At the press preview of the exhibition “Divine Beauty,” on at Florence’s Palazzo Strozzi through January 24, 2016, Giuseppe Cardinal Bettori referred to a benchmark sermon given by Pope Paul VI to a group of artists on May 7, 1964. The Holy Father had said, “We must re-establish the friendship between the Church and artists… Our friendship has never been broken, in truth […]. We have not fallen apart, but we have disturbed our friendship […] You have abandoned us in a way, going to distant places, drinking at other fountains, in your (legitimate) quest for expressing other things; but no longer our own. […]But […] we recognize that we have caused you some suffering. We have caused you suffering because we imposed imitation as the primary canon on you who are creators, infinitely vivacious, spouting forth thousands of ideas and thousands of innovations[…] We can say that sometimes we have placed against you a leaden burden; please forgive us! And then we have abandoned you. We have not explained our things; we have not introduced you into the secret cell where the mysteries of God make man’s heart leap with joy, hope, happiness, and exaltation.”
Bettori then went on to say that Pope Paul VI’s brave statement clearly refers to those two half centuries, the subject of “Divine Beauty.” Between 1850-1900, although the Roman Catholic Church actively encouraged the most innovative forms of artistic expression and advocated an art of popular input capable of moving the simplest of the faithful, the artists seemed uncertain about the destination of the sacred genre. Between 1900-1950 were grim times with runaway inflation, the Holocaust, Nazism, Fascism, and two world wars, when sacred art took a back seat to politics.
The exhibition of over one hundred works, mostly paintings but interspersed with sculptures and liturgical items, is the outcome of a collaboration between the Fondazione Palazzo Strozzi, the Archdiocese of Florence, the former Soprintendenza Speciale per il Patrimonio Storico, Artistico, ed Etnoantropologico e per il Polo Museale di Firenze, and the Vatican Museums. It’s one of many events in Florence during the fifth National Bishops’ Conference here from November 9-13; Pope Francis will be in attendance.
“From Salon to Altar,” the first of the seven sections of “Divine Beauty,” demonstrates the artists’ uncertainties about the destination of sacred art. As Carlo Sisi tells us in the catalog’s opening essay, Swiss-born Antonio Ciseri (1821-91) felt obliged to declare, regarding The Maccabees, that his was not “a historical painting, but a painting of reverence for the Altar”; while Pope Pius IX in setting up the Gallery of Saints and the Beatified in the Vatican Museums in 1869, actively campaigned for contemporary religious painting to embrace the naturalistic, narrative style of historical painting then in vogue.
Again, as Sisi tells us, “At the turn of the century, facing acute anticlerical propaganda and modernist movements for autonomy from the Church of Rome, idealistic movements were being affirmed throughout Europe…The figure of the Virgin, the ‘Rosa Mystica’ of the second section, corresponded to the desired encounter between the human and the divine expressed in art…” The “portraits” of the Virgin here range from Domenico Morelli’s highly romantic, Impressionistic Mater Purissima to De Carolis’ symbolist and Pre-Raphaelite Madonna, Praise Be to You for the Light You Shed on Earth, to Tullio Garbari’s naïve Our Lady of Peace, to Eduard Munch’s two disquieting and swirling lithographs, at the time judged scandalous, of the Madonna.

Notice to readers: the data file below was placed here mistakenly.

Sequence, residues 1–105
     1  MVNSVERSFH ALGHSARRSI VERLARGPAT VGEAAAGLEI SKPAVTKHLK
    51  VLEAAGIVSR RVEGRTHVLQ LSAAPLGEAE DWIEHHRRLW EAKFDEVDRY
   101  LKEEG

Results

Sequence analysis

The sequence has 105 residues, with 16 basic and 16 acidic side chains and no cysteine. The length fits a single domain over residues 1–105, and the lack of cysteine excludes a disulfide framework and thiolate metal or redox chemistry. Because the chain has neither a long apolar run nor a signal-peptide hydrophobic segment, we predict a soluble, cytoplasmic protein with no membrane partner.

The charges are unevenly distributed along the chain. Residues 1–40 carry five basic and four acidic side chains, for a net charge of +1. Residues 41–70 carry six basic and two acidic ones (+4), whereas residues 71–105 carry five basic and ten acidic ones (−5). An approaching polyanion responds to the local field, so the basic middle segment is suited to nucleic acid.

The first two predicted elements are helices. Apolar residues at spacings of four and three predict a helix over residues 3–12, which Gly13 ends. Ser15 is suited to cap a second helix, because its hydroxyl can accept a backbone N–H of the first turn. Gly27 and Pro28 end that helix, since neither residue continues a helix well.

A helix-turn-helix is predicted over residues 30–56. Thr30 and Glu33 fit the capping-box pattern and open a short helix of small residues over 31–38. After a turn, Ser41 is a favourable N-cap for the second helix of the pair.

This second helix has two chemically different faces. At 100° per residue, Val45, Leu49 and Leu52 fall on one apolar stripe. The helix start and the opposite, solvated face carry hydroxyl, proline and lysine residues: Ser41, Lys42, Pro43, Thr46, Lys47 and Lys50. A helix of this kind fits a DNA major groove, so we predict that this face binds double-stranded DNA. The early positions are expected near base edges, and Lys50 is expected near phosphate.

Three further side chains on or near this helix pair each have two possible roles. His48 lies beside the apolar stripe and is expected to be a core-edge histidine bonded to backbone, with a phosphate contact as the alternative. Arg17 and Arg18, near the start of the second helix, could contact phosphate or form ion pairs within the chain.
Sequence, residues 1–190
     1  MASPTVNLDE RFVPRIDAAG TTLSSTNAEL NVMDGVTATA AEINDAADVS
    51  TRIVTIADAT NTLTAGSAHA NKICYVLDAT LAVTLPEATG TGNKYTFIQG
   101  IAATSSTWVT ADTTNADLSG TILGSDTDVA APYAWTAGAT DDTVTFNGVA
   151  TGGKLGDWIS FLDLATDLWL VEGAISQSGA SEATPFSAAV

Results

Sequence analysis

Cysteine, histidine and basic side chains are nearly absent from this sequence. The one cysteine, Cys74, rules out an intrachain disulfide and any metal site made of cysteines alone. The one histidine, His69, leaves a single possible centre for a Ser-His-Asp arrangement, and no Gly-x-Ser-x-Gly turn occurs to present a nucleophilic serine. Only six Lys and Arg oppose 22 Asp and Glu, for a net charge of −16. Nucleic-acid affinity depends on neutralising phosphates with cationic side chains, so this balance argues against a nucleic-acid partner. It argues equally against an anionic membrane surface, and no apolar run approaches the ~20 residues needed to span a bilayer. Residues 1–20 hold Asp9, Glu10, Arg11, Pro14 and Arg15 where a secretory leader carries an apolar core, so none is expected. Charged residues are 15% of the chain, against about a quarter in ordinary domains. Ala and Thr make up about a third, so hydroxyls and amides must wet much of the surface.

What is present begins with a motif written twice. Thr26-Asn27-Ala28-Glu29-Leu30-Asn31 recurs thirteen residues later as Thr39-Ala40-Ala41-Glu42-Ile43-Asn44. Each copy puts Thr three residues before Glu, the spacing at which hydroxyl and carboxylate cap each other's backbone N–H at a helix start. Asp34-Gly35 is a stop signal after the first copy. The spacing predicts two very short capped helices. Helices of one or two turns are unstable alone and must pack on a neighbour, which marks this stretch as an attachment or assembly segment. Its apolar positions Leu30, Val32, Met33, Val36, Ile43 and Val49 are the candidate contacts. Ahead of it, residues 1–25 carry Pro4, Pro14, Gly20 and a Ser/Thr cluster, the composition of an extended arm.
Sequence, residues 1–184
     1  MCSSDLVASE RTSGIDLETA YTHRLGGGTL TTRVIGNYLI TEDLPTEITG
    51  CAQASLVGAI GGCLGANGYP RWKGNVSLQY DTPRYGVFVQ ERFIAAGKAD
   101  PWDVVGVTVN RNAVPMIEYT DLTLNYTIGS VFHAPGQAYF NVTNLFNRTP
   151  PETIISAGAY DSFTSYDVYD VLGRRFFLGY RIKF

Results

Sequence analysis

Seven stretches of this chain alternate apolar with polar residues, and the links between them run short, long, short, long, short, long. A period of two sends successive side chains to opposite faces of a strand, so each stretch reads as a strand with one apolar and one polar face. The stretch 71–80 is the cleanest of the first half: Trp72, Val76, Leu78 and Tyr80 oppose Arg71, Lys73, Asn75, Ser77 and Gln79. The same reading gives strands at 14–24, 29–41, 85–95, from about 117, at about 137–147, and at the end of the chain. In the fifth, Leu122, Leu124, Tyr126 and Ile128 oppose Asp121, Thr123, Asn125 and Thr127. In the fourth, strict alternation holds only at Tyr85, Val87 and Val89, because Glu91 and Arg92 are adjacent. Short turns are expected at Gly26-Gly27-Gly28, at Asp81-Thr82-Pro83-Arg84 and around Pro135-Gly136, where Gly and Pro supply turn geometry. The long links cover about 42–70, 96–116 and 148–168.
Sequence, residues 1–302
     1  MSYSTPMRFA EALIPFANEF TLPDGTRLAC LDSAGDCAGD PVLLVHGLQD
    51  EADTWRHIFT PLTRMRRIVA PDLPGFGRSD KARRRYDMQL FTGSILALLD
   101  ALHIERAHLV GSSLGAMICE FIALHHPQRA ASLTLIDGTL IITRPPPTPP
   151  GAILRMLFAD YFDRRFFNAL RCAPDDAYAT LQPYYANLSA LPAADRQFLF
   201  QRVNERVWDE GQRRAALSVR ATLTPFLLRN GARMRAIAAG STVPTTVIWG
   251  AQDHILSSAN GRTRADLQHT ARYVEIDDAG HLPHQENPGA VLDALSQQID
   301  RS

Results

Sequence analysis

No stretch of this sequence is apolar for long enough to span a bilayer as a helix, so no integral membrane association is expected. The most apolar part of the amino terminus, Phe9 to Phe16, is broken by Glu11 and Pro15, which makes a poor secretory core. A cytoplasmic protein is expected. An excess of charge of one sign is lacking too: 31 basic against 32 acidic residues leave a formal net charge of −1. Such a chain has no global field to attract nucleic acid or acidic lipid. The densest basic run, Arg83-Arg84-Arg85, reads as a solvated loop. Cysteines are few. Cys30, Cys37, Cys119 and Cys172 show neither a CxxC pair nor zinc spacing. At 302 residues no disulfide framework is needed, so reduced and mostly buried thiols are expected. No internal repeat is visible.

The third section, “Life of Christ,” consecutively follows the “Rosa Mystica” by opening with several artworks depicting the Annunciation. The rest is displayed in chronological order: the Nativity, the Flight to Egypt, Christ’s childhood in Nazareth, his miracles: Walking on Water, the Raising of Lazarus, followed by the events of Holy Week, the Crucifixion (the event depicted here with the largest number of artworks), and the Deposition. Only one by Émile Bernard, a reinterpretation of a Michelangelo drawing now in Windsor Castle, depicts the Resurrection (1925-30) and is on loan from the Vatican Museums, which has generously loaned several other works: Gaetano Previati’s Georgica (1905), a bucolic nativity; Maurice Denis’ Beardsley-like Nazareth (1905), showing Jesus as a child; Pietro Annigoni’s spookily-lit sepia-like The Raising of Lazarus (1946); Giuseppe Montanari’s The Kiss of Judas (1918) with a heavy-set Judas standing on tip-toe to kiss a rigid, skinny Jesus under a starry sky; Gaetano Previati’s gloomy and resigned Jesus Crowned with Thorns (Station 1 of the Cross) (1901-2); Georges Rouault’s The Veil of Veronica (1946) and his Ecce Homo (1952); Otto Dix’s Christ and Veronica (1943) in a modern setting but with Biblically-attired protagonists; Max Ernst’s Crucifix (1914) dripping blood, an early work and one of his few religious works; Graham Sutherland’s Study for Crucifixion (1947); Felice Carena’s Deposition (1938-39); Van Gogh’s The Pietà (c. 1889) (painted shortly before the artist’s death, it had been inspired by the humanity and the ability to recount pain and sacrifice of the figures in Delacroix’s Pietà, although Vincent never saw the original); Matisse’s Green Chasuble (1951); Munch’s woodcut of “Old Man Praying” (1902), and Adolfo Wildt’s huge gilded marble bust of Pius XI (1926).